Son Laboratory is interested in elucidating how biomaterials interact with biological environment and coordinate biological/immunological functions, in order to better deal with the complexity of disease progression. As disease is getting complicated, our team seeks to design, construct, and evaluate an unique, sophisticated bio- and nano-systems capable of interacting with disease microenvironment to promote the precise action of biopharmaceuticals including genes, vaccine components, and antibodies. With solid ground on PI's diverse research and educational backgrounds covering biomaterials, bioengineering, micro- and nanotechnologies, immune-oncology and gene therapy, our team aims to develop new and multidisciplinary biomaterials-based tools and principles to modulate immune responses and promote the precise action of biopharmaceuticals for cancer, infectious disease, and autoimmune disease. The proposed studies will not only contribute to understanding of largely unexplored interdisciplinary research areas of material science, immunology and cancer biology, but also promote clinical translation of new immunotherapies.
Among many other reasons, a root reason of current cancer therapy failure is based on genetic mutations acquired in healthy cells that sequentially make changes in genome. Many mutations are acquired in a random fashion and the random nature of this mutation has two consequences. One is that every patient has a different cancer. And the second consequence is that every tumor cell within a cancer is a different entity. These cancer cells in advanced stage are at least 1 billion different cells. Even further, they are able to adapt and resist to the treatment and metastasize. The way we treat cancer today, however, ignore this complexity and is not able to deal with the plasticity of the cancer.
So the next question is then, there a solution to deal with this complexity?
Neoantigen cancer vaccine will be a first, true sense of personalized cancer treatment
Now we are entering new era of cancer medicine into the true sense of personalized precision cancer medicine from conventional approach so called one-size-fit all medicine and targeted therapy to stratified patient to improve therapeutic outcome. Thanks to deep sequencing, now we are able to identify patient-specific cancer-neoantigens, that are ready to be given to patient in time about 6-10 weeks. In 2017, the two research groups from the US and German reported the results of the first human clinical trials of neoantigen-based cancer vaccines, one used peptide-based and the other used mRNA-based vaccines. The therapeutic outcome was promising despite the need for improvement, showing feasibility, safety and immunotherapeutic activity of targeting individual tumor mutations. And now the field reasonably expect that the neoantigen cancer vaccine may become the ever first true personalized treatment for cancer.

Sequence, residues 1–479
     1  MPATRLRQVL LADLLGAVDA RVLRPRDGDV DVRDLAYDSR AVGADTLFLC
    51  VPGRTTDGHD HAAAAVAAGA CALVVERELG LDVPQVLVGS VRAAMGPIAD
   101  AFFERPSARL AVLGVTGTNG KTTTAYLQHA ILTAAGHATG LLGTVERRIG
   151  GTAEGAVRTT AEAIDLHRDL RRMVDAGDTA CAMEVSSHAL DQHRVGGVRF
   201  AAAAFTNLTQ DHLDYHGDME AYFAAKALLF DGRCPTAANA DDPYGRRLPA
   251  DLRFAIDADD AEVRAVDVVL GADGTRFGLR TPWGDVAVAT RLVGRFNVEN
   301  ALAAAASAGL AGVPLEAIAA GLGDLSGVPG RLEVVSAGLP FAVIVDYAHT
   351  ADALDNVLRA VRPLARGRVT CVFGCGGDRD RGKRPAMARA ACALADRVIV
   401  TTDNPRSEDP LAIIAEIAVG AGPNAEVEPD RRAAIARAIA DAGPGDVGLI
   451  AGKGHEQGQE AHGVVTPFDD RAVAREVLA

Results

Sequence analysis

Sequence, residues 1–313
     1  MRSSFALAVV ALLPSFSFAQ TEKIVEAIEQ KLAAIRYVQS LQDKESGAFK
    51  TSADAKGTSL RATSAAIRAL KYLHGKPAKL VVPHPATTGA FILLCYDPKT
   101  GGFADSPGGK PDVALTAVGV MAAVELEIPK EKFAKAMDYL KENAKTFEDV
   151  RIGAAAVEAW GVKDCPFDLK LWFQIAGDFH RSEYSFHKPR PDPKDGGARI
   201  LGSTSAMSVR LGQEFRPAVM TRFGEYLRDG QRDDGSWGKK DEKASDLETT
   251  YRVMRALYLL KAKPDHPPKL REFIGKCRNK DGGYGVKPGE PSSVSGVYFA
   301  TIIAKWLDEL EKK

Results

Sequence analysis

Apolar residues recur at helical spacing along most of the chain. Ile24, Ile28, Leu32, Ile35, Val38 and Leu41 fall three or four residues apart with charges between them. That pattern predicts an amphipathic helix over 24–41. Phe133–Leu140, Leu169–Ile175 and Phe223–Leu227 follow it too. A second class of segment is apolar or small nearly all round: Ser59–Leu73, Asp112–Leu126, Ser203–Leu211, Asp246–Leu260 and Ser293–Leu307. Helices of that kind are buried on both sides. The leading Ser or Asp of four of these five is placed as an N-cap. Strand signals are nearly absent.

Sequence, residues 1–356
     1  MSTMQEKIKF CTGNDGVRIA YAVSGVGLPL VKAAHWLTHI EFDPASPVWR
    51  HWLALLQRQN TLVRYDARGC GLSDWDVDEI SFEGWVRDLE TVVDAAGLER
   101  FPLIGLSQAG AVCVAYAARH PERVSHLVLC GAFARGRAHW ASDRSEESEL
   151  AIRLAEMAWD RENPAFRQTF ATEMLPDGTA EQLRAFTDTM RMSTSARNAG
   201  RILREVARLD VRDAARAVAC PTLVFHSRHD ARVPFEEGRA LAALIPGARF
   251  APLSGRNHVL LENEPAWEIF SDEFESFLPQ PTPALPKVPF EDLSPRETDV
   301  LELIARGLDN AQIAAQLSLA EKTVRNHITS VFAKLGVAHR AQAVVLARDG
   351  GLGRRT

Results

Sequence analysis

Son laboratory aims to develop unique and highly multidisciplinary cancer engineering strategy that can better deal with the complexity of tumor microenvironment (TME) for cancer precision medicine.
1. Personalized cacner vaccine technology
2. Gene therapy to up and down regulate multiple pathways of immune suppressive mechanisms within tumor microenvironment
3. Ultrasound technology to physically disrupt tumor ECMs and/or provok immune response
Emerging mRNA therapeutics
Son laboratory has expertise in developing versatile gene delivery systems. We leverage the delivery tools to address a range of technical challenges that RNA therapeutics have in the clinic.
1. mRNA-based vaccine development
2. Therapeutic antibody-encoding mRNA for cancer immunotherapy
3. mRNA therapeutics for undruggable target
In vivo immune cell engineering
Son laboratory aims to develop various immune cell subset engineering strategies for cancer, inflammation, and immune tolerance.
1. Dendritic cells (DCs) targeting for CD8 and CD4 T cells targeting vaccine development
2. Macrophage engineering to repolarize tumor associated macrophages (TAMs)
3. Neutrophils (granulocytes) engineering for cancer and inflammation